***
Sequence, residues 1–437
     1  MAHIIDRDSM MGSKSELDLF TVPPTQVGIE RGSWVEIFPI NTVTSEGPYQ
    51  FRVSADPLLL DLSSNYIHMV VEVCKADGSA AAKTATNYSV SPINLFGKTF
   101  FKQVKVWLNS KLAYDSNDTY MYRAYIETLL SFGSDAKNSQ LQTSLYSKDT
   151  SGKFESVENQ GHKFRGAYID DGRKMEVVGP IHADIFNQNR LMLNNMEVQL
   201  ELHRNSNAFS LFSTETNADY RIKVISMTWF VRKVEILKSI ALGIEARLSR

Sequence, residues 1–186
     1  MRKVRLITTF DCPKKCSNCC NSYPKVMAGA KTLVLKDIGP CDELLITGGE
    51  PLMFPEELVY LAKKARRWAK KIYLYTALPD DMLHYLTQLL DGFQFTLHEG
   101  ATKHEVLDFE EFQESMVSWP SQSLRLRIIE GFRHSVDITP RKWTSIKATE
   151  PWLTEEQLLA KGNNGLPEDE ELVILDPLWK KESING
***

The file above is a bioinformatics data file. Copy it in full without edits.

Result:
Sequence, residues 1–437
     1  MAHIIDRDSM MGSKSELDLF TVPPTQVGIE RGSWVEIFPI NTVTSEGPYQ
    51  FRVSADPLLL DLSSNYIHMV VEVCKADGSA AAKTATNYSV SPINLFGKTF
   101  FKQVKVWLNS KLAYDSNDTY MYRAYIETLL SFGSDAKNSQ LQTSLYSKDT
   151  SGKFESVENQ GHKFRGAYID DGRKMEVVGP IHADIFNQNR LMLNNMEVQL
   201  ELHRNSNAFS LFSTETNADY RIKVISMTWF VRKVEILKSI ALGIEARLSR

Sequence, residues 1–186
     1  MRKVRLITTF DCPKKCSNCC NSYPKVMAGA KTLVLKDIGP CDELLITGGE
    51  PLMFPEELVY LAKKARRWAK KIYLYTALPD DMLHYLTQLL DGFQFTLHEG
   101  ATKHEVLDFE EFQESMVSWP SQSLRLRIIE GFRHSVDITP RKWTSIKATE
   151  PWLTEEQLLA KGNNGLPEDE ELVILDPLWK KESING